Mothers’ Day Healing..
From the The Healing Place (a continuation)
I need to write this. I have been unable to write today because this is all that I can think about. My heart is aching and perhaps writing this will help. I recently posted about my eldest daughter. She is so very lost. A drug addict who will do anything for what she needs. In The Healing Place, I spoke about the journey, watching her helplessly as she spiralled downwards and how terrible it was to be so incapable to make her change her choices.
I had a busy weekend (hence no posts), however yesterday, being Mother’s Day, I reposted a poem that I wrote for my mom in my teens, just because she keeps it framed on her dresser and that means a lot to me.
My beloved took me out for breakfast as we did a bit of last-minute shopping for his birthday, which was also yesterday. As we were driving home, he startled me saying “there’s your daughter! I just saw your daughter”. He pulled over, I stuck my head out the window and saw a remnant of the person that she used to be staggering along the street towards us.
She saw the car and started to cry out “help me, please help me!” She hadn’t recognized me or the car. When she finally did, she ran to us saying “Mommy, mommy.. please help me! I lost my wallet, I need money I lost everything I need help, can you give me $40?”. One run-on string of words begging for money. She remembered at some point that it was Mothers’ Day and said that my gift was in her wallet and she needed “to find it, can you give me, please can you give me $40 I really need it, you don’t understand, I had your gift in there… “
At this point I came to realize that there was no wallet, that it was just about money (seems like it would be obvious, but it wasn’t, to me). It is not easy to see your own child in such a place. We got out of the car and looked for the wallet that wasn’t there.
Not finding it after ten minutes, we offered to drive her home (she does not live with us). “No, no, no.. I just need to find my wallet, please can you just give me the money, look at those earrings I bought you years ago, don’t you know how much I love you? Don’t you know I’d do anything for you?” I knew what she was thinking. I didn’t have any cash on me, so I started to take off my earrings and give them to her. My boyfriend told me not to, that she would just pawn them, but she had already snatched them out of my hand.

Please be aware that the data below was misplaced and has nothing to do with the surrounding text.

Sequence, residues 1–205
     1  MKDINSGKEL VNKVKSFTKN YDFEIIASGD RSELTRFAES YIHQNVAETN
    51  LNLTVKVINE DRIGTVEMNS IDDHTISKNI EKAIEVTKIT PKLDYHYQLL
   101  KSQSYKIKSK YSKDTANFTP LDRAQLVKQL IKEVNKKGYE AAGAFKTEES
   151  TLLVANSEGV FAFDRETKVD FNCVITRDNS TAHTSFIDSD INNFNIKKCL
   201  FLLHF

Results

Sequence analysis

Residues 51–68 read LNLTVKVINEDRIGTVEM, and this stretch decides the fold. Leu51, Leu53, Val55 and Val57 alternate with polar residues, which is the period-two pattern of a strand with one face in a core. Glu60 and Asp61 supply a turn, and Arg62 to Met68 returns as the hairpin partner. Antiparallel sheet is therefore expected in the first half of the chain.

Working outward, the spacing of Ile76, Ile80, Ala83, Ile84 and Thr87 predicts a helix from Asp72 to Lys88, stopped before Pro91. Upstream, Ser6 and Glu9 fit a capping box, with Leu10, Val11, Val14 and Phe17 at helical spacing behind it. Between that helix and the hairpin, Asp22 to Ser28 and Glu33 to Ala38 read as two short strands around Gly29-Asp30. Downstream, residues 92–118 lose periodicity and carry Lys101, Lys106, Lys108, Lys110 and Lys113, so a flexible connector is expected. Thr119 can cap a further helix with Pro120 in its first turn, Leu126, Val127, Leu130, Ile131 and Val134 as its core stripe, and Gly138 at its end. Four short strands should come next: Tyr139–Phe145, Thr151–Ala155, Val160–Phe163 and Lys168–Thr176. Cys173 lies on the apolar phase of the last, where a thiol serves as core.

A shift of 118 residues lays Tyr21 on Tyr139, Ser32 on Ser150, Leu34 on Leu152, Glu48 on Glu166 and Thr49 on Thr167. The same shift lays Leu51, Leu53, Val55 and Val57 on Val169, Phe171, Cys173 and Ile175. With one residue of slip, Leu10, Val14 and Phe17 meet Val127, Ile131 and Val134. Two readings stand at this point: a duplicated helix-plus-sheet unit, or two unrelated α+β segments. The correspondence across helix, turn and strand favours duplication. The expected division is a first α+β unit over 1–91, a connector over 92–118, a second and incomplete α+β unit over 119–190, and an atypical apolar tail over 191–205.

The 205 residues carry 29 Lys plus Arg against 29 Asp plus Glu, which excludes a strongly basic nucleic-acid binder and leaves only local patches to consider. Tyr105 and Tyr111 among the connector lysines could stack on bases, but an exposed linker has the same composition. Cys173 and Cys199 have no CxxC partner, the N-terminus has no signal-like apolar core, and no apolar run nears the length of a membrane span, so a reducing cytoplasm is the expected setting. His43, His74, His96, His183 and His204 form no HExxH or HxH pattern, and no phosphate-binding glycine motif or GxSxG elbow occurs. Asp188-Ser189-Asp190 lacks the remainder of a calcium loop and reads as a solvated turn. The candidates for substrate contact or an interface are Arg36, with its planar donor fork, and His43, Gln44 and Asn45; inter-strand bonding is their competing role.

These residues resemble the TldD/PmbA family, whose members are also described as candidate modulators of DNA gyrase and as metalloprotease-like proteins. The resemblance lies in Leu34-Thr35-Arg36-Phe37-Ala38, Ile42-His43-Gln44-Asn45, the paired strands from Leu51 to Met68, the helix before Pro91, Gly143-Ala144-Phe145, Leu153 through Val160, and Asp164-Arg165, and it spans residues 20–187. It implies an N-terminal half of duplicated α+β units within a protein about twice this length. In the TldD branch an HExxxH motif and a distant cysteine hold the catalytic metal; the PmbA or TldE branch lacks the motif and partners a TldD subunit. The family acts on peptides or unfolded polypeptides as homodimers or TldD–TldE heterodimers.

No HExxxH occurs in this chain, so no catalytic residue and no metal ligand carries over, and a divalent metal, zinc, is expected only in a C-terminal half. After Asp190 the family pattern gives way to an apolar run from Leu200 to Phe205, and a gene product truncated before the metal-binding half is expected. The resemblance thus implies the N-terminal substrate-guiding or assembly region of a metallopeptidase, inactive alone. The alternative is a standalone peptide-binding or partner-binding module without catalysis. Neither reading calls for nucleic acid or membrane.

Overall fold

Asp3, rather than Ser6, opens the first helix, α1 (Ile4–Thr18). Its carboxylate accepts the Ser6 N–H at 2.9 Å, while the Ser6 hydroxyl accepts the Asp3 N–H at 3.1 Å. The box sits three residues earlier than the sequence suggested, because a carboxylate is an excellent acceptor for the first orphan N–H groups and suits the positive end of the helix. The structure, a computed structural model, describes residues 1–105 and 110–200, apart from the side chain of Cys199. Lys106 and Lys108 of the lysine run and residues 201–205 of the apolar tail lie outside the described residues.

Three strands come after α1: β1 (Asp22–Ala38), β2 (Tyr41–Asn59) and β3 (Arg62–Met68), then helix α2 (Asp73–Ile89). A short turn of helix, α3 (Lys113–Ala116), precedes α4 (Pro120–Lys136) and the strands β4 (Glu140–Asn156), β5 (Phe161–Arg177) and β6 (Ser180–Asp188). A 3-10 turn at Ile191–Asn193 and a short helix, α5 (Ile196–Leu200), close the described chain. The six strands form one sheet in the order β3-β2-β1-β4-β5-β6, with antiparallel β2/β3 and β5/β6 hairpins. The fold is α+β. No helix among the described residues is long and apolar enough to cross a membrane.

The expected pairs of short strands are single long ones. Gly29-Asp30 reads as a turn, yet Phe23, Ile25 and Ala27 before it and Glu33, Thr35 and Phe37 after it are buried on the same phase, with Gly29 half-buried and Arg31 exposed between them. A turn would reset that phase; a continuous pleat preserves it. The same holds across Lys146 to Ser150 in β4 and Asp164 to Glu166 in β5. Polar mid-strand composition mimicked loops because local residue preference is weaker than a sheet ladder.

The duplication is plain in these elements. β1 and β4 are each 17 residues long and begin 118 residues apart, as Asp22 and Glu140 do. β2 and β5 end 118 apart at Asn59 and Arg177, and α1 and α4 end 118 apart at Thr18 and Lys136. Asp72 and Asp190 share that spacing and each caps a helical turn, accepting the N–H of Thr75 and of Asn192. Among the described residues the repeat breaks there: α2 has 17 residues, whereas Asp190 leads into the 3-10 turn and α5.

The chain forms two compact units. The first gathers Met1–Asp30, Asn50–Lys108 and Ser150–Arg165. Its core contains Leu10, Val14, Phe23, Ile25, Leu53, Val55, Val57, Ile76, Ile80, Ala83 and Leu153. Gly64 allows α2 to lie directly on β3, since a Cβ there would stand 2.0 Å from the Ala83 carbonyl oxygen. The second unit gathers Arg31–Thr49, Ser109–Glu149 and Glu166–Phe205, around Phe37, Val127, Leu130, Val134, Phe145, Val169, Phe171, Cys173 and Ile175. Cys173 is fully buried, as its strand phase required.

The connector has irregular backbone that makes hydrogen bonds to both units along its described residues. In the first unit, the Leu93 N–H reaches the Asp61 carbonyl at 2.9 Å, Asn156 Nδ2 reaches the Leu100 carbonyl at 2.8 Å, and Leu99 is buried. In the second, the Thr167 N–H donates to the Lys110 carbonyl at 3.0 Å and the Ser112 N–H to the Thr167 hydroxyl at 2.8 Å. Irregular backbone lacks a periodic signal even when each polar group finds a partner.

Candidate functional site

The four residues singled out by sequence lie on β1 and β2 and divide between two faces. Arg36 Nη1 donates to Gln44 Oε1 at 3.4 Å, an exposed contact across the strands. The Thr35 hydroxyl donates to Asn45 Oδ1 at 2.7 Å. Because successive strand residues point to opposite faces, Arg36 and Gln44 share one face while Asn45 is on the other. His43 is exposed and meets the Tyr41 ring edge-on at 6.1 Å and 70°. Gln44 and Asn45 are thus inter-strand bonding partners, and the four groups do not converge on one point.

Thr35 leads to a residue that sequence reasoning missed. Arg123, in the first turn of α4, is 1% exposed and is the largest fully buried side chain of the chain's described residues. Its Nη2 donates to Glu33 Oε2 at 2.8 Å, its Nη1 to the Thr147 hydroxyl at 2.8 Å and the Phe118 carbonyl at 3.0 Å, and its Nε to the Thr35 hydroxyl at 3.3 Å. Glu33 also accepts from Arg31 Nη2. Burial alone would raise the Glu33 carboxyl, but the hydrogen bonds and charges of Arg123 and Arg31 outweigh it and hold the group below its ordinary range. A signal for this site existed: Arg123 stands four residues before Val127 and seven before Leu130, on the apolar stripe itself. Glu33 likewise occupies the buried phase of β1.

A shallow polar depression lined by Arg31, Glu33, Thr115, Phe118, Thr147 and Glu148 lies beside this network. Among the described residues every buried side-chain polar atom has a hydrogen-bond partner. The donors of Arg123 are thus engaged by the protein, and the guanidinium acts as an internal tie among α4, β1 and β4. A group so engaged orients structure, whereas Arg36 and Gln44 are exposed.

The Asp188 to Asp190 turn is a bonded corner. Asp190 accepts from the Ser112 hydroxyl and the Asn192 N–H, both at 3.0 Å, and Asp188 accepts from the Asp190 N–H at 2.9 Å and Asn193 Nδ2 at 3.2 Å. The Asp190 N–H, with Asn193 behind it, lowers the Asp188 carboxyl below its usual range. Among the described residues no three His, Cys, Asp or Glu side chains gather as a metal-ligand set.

She said that she would give them back. I begged her not to pawn them. Seeing that I’d given them to her, my boyfriend pulled $40 out of his wallet and gave it to her and said to please give my earrings back. She grabbed the money saying “thank you, thank you, thank you”, but the earrings remained in her back pocket. We were both stunned. She had given me the earring that I wear every single day as a gift about eight years ago, before she was as bad off as she is now.
Her smell of sweat, rancid clothes that needed washing, oily perspiration from needing a fix, filled the car. She stood outside the car and then took off. He told me to follow her and get my earrings back. He said I’d never see them again.
She rushed over to a store, but even before I had caught up, the store owner was yelling at her to get out. She came back to the car and my boyfriend threatened to call the police. He raised his voice at her, she gave one back. I pleaded, she stood stubbornly.
I prayed to God. “Why, why have I bumped into her like this today, on Mothers’ Day?” “Lord, What is it that You want to show me, teach me, do for her?”
I spoke to her telling her that these are the only things that I have that are a piece of her and that they mean the world to me. She stood stubbornly, but then just gave me the other earring and took off.
She called me several times that evening, but I didn’t answer. I couldn’t.
I had to see. I had to see who she is in truth without any veils of remembering who she was. Without remembering the pain of the beautiful little girl that would shine in every crowd, that spoke so very early, that would give me anything, that would do anything for me.
I can’t believe in the past. I must see the present so that I can pray for who she is, not was. To pray for God has planned for her, instead of what my own hope has been. I only can pray into God’s will for her and nothing else.